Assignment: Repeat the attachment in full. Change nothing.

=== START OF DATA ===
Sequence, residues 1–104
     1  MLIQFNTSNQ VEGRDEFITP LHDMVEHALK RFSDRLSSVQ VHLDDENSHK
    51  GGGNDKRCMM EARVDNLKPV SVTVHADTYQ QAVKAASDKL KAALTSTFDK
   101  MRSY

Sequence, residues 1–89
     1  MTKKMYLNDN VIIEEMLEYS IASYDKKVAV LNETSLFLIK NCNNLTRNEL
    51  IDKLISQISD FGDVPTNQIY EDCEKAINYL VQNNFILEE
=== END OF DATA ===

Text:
Sequence, residues 1–104
     1  MLIQFNTSNQ VEGRDEFITP LHDMVEHALK RFSDRLSSVQ VHLDDENSHK
    51  GGGNDKRCMM EARVDNLKPV SVTVHADTYQ QAVKAASDKL KAALTSTFDK
   101  MRSY

Sequence, residues 1–89
     1  MTKKMYLNDN VIIEEMLEYS IASYDKKVAV LNETSLFLIK NCNNLTRNEL
    51  IDKLISQISD FGDVPTNQIY EDCEKAINYL VQNNFILEE